Don’t get me wrong – we love ourselves a badass too.  If you were escaping from L.A., or happen to be a Terminator fighting another, better Terminator, or were caught in a game of cat and mouse with Alan Rickman – yes, badass would definitely be the way to go.  But we are talking about zombies, so your prowess as a rugged ex-cop/marine/green-beret playing fast and loose with the rules does not matter here.

The point of this cinematic analysis is that, if you really want to prepare for a zombie apocalypse, fitting yourself for ground warfare is clearly not the right survival tactic.  I have surveyed some relevant zombie survival materials (you know, Shaun of the Dead, 28 Days Later, Zombie Strippers…essential texts on the subject) and I have surmised, if you really need to prepare for a zombie apocalypse, these are the three ways that one can:

Your first choice is to go into a coma.  It seems that zombies can’t smell you when you are in a coma, probably because of a diminished activity in brain waves.  This is a sure-fire way to not get eaten.  It also seems that if you happen to wake up from said coma in the middle of a zombie takeover, you are the right kind of ironic hero that will be able to survive, while the mentors you pick up along the way will all die off.  So coma seems like a great choice, you know, providing you can find a way to become comatose without accidentally killing yourself in the process.

Your second choice is to not believe in zombies.  It seems that ignorance is bliss, and, more importantly, idiocy is a survival technique.  The smart guys are a lot like the bad asses we talked about earlier; they can survive for so long, but they are walking on borrowed time.  It seems the purpose of the smart guy, the informed guy, the guy who knows everything there is to know about survival in post-apocalyptic zombiedom – his only purpose in life is to live long enough to impart everything he knows to the guy who waited until his wife got eaten to notice anything odd was happening.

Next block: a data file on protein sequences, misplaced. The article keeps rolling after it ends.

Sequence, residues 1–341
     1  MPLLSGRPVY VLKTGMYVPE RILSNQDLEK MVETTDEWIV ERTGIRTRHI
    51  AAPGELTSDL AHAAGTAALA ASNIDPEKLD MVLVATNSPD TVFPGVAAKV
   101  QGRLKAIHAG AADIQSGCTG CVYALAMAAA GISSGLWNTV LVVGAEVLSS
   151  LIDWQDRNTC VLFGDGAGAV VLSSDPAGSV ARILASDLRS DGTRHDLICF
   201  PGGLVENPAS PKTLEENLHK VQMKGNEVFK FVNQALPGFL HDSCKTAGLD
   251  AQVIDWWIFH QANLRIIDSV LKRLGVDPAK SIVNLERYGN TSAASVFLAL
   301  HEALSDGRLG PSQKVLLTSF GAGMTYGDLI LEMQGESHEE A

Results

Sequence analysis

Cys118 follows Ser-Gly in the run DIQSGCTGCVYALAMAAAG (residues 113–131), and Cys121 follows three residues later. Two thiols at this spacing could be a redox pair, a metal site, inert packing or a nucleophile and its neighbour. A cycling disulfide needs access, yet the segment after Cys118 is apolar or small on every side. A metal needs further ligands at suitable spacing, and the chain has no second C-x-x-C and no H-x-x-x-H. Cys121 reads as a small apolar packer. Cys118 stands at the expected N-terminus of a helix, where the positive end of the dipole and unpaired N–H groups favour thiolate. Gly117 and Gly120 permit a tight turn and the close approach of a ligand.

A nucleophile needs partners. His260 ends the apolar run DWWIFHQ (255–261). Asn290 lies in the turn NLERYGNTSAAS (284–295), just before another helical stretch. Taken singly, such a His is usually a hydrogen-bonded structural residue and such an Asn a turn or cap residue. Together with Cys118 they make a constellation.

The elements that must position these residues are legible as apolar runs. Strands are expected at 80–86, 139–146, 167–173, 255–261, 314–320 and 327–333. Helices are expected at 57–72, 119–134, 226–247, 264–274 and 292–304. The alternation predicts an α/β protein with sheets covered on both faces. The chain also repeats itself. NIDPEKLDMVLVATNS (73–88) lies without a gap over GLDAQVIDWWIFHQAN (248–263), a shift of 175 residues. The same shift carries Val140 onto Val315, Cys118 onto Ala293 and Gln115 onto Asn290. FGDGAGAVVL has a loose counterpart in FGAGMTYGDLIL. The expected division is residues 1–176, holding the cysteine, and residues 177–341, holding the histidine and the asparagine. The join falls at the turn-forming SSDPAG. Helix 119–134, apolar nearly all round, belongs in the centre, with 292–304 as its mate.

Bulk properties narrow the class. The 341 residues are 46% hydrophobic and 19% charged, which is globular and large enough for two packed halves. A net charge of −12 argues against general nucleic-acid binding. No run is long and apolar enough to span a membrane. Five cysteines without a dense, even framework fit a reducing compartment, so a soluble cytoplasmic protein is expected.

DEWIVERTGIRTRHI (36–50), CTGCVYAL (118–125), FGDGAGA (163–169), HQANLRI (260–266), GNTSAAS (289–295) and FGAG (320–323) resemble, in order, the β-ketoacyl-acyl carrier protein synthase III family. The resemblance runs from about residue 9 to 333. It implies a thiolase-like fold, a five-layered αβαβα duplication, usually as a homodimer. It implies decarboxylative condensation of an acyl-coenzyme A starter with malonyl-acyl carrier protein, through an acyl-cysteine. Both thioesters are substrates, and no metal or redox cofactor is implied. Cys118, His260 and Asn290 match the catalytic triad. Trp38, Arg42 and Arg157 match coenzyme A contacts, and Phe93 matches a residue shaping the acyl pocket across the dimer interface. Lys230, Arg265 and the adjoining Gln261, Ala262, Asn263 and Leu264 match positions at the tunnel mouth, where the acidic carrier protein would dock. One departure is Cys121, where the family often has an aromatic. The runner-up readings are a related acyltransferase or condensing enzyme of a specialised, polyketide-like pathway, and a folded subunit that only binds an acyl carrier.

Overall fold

Perhaps, if you are that guy – the guy who knows it all – your best bet is to not share what you know with anyone.  You might live longer.  Providing the coma thing didn’t work.

The last option is to suck it up and realize that you are just not going to be that guy.  The fact of the matter is you are just not going to survive this thing.  A zombie apocalypse means that the world is being overrun by zombies.  And where do zombies come from?  Zombies are just regular people who have been turned into zombies by being bitten by other zombies.  Therefore, the definition of “zombie apocalypse” would suggest that  everyone will eventually become a zombie.  Those are pretty slim odds.  Slim being, like, zero. Your chances of being that guy, that one guy, are so slim they are incalculable.  (Okay, that is hyperbole.  They’re very easily calculable.  But the resultant answer would be so small it would lose all significance.)

Being a person who puts all of her faith in the principles of mathematics, I personally go with this last one; I am well aware that I am not going to survive.  On the other hand, I’m not too crazy about the idea of being eaten by a zombie.  Having blunt, undead teeth gnashed into my skull so my brain can be zombie dinner fodder sounds somewhat unpleasant.

I reconcile this by keeping a cocktail of drugs leftover from my abdominal surgery in the back of my medicine cabinet in a bottle labeled “For the Zombies.”  While I’m not a supporter of suicide, generally speaking, in this lesser-of-two evils scenario, I chose death by sedative drugs over being eaten alive.  Plus it has the added benefit of me not turning into a zombie afterwards.

And, if anything goes wrong, I’ll just end up in a coma – and then I’ll be in pretty good shape indeed.


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I Had a Great Post, But Then Some Asshole Bombed the Boston Marathon

I had a great post.  Like, a great post for this week.  But now you are going to have to wait until next week to read all about the upcoming-has-been-happened zombie apocalypse, and all the things you may be able to do to prepare for it.  Why?  Cause some jerk bombed the Boston Marathon.